I’m happy to report that Gabriel managed to have a decent senior season. It was still touch and go, and he never really could go hard on that leg for long stretches, but we were all so grateful that he got to play as much as he did. Sometimes it’s not winning or losing or how you play the game–sometimes it’s simply getting to play. I’m also happy to report that, at long last, Gabriel this year underwent the full knee surgery he needed the whole time and has recovered very well. That’s another cool story that I won’t steal from my friend. (Well, I might in another blog post. No promises, Gabriel.)
There are a bunch more, of course. Two years ago, Captain Derek astounded me both his dedication to conditioning and preparing for the season and with how little homework he could do and remain eligible for every single game. Kelsey, whom I’d adopt if his actual parents didn’t love him so dang much. Jacob, whom I love dearly, reminded me that faithfulness is simply doing what you can, as well as you can.
And then there’s Alex. Until you’ve seen Alex play basketball, I doubt you’ve really seen what it means to play with joyful abandon. If you love sports, you should watch Alex play basketball. He wouldn’t be the best player you’ve ever seen but he would be the player giving the most you’ve ever seen. Is that hyperbole? Come and find out. We’ve only got two games left.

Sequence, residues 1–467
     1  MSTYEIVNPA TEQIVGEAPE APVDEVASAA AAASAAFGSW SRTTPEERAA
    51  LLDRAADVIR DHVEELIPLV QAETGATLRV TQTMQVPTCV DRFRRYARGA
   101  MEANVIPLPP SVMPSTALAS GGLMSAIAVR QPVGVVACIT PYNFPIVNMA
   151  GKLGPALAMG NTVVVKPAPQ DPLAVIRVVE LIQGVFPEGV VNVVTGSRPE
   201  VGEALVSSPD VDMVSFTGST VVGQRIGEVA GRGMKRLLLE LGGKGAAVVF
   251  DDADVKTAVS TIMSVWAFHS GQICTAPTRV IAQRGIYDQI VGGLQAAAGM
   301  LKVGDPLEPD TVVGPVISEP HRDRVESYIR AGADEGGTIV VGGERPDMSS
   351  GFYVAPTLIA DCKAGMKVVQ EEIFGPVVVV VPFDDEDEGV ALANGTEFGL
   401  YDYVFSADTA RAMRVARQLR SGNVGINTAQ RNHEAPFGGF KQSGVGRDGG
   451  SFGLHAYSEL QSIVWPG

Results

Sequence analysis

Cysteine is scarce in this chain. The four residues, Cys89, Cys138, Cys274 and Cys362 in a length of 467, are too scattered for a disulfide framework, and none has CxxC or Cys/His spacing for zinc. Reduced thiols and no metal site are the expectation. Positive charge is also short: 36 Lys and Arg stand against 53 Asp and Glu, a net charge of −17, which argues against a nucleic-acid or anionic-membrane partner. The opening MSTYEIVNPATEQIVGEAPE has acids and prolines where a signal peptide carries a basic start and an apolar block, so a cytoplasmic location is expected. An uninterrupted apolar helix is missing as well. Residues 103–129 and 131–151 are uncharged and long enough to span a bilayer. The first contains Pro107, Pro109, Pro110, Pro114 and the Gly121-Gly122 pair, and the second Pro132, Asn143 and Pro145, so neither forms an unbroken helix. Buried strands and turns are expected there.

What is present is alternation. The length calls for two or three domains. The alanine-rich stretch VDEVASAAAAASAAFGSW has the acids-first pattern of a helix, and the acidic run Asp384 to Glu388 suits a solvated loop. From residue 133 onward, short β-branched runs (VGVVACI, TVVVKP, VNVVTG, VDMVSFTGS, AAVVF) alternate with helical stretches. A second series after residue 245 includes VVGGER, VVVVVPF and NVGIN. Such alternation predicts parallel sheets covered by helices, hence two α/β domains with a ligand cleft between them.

Alex makes everyone else play harder because Alex plays harder than everyone else. He raises the intensity of the game when he steps on the court. He makes drives that look physically impossible and the ball still goes in the basket. I have never counted how many times he hits the floor during a game, but I’m guessing double-digits. Every game. He dives for every loose ball. He flings himself to block or intercept passes and lunges for steals. He goes up for layups against ridiculously bigger players and gets knocked flying–then pops right back up, clapping his hands.
My philosophy of basketball, as I mentioned last time, is all-out effort all the time on both ends of the floor. We play a full-court press defense most of the time. We don’t wait for the other team to come score on us; we attack them.